Wound washing and immediate vaccination
    2-sites ID on days 0, 3 and 76
    1-site IM on days 0, 3, 7 and between day 14-287
    2-sites IM on days 0 and 1- site IM on days 7, 21
    Rabies Immunoglobulin administration is recommended.
  • Previously immunized individuals of all age groups
    Wash exposed skin surfaces.
    No PEP required.
    Wound washing and immediate vaccination:
    ⦁ 1 – site ID on days 0 and 3
    ⦁ (OR)
    ⦁ At 4 – sites ID on day 0
    ⦁ (OR)
    ⦁ At 1 – site IM on days 0 and 3
    ⦁ Rabies Immunoglobulin is not indicated
    Wound washing and immediate vaccination:
    ⦁ 1 – site ID on days 0 and 3
    ⦁ (OR)
    ⦁ at 4 – sites ID on day 0
    ⦁ (OR)
    ⦁ at 1 – site IM on days 0 and 3
    Rabies Immunoglobulin administration is not recommended

Rabies Immunoglobulin (RIG):

RIG provides passive immunisation and is administered only once, as soon as possible after the initiation of PEP and not beyond day 7 after the first dose of vaccine. Correctly administered, RIG neutralises the virus at the wound site within a few hours.

To confer the maximum public health benefit, WHO recommends the following:

– The maximum dose is 20 IU (HRIG) and 40 IU (ERIG) per kg body weight. There is no minimum dose.

– Infiltrate as much as possible into the wound; the remainder of the calculated dose of RIG does not need to be injected IM at a distance from the wound but can be fractionated in smaller, individual syringes to be used for other patients, aseptic retention given.

If RIG is not available, thorough, prompt wound washing, together with immediate administration of the first vaccine dose, followed by a complete course of rabies vaccine, is highly effective in preventing rabies. Vaccines should never be withheld, regardless of the availability of RIG.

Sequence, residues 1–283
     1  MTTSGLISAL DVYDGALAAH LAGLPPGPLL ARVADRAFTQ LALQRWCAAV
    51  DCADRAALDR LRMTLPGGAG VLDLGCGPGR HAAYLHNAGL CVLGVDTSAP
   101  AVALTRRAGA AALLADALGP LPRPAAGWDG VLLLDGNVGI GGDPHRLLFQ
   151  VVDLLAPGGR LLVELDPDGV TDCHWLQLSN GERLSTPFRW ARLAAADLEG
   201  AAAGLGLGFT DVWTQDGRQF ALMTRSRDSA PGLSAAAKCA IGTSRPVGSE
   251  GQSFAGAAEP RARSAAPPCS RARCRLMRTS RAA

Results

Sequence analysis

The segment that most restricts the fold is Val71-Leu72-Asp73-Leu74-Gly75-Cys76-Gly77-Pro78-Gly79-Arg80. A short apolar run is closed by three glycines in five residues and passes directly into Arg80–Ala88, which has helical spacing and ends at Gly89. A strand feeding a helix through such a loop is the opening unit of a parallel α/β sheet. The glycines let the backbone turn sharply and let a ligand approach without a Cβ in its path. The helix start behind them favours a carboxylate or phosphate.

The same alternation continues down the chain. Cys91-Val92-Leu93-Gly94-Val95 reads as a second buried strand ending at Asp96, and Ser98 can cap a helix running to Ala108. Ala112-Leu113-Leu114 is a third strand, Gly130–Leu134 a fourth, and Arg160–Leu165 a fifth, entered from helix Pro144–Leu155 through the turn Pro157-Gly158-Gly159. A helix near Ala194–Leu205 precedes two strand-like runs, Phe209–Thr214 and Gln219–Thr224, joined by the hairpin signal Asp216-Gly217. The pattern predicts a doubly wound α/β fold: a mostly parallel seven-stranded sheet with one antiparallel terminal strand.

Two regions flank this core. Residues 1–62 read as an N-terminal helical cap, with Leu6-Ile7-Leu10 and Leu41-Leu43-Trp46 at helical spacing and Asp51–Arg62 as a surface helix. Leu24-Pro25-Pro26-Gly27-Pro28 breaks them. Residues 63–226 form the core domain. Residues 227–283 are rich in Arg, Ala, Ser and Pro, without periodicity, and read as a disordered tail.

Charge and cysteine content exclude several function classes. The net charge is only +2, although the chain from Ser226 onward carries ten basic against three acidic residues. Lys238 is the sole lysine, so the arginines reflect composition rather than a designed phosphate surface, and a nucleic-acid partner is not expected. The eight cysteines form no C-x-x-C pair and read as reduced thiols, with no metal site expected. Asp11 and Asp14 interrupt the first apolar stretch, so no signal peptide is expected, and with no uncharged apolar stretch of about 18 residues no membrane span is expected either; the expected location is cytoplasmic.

Pre-Exposure Prophylaxis (PrEP):


Pre-exposure prophylaxis (PrEP) is the administration of several doses of rabies vaccine before exposure to rabies. PrEP is recommended for individuals at higher risk due to occupation. PrEP should be considered in sub-populations living in remote, rabies endemic areas, where access to PEP is difficult and the dog bite incidence is >5% per year.

The immune response to subsequent rabies vaccine boosters such as PEP when exposed, can be recalled very effectively even decades after PrEP.

For immunologically naive individuals of all age groups, WHO recommends the following PrEP schedules: 1-site IM vaccine administration on days 0 and 7.

A routine PrEP booster or serology for neutralising antibody titres is recommended only if a continued, high risk of rabies exposure remains.

Individuals with documented immunodeficiency should be evaluated on a case-by-case basis and best receive an IM PrEP schedule as above, plus a third vaccine administration between days 21 to 28. Additionally, in the event of an exposure, a complete PEP course, including RIG, is recommended.

Prevention of Dog Bites:

Injury prevention measures aimed at preventing children from being bitten include legislation relating to ‘dangerous dogs’ and education. Children may be taught the following:

  • To treat dogs with respect.
  • To avoid disturbing a dog that is sleeping, eating, or feeding puppies.
  • To avoid shouting or running in the presence of a dog.
  • Not to approach or play with unfamiliar dogs

For any emergencies or assistance, please reach us at 044 – 4000 6000.


Dr. Karunakaran Vetri
Emergency Physician
Kauvery Hospital, Chennai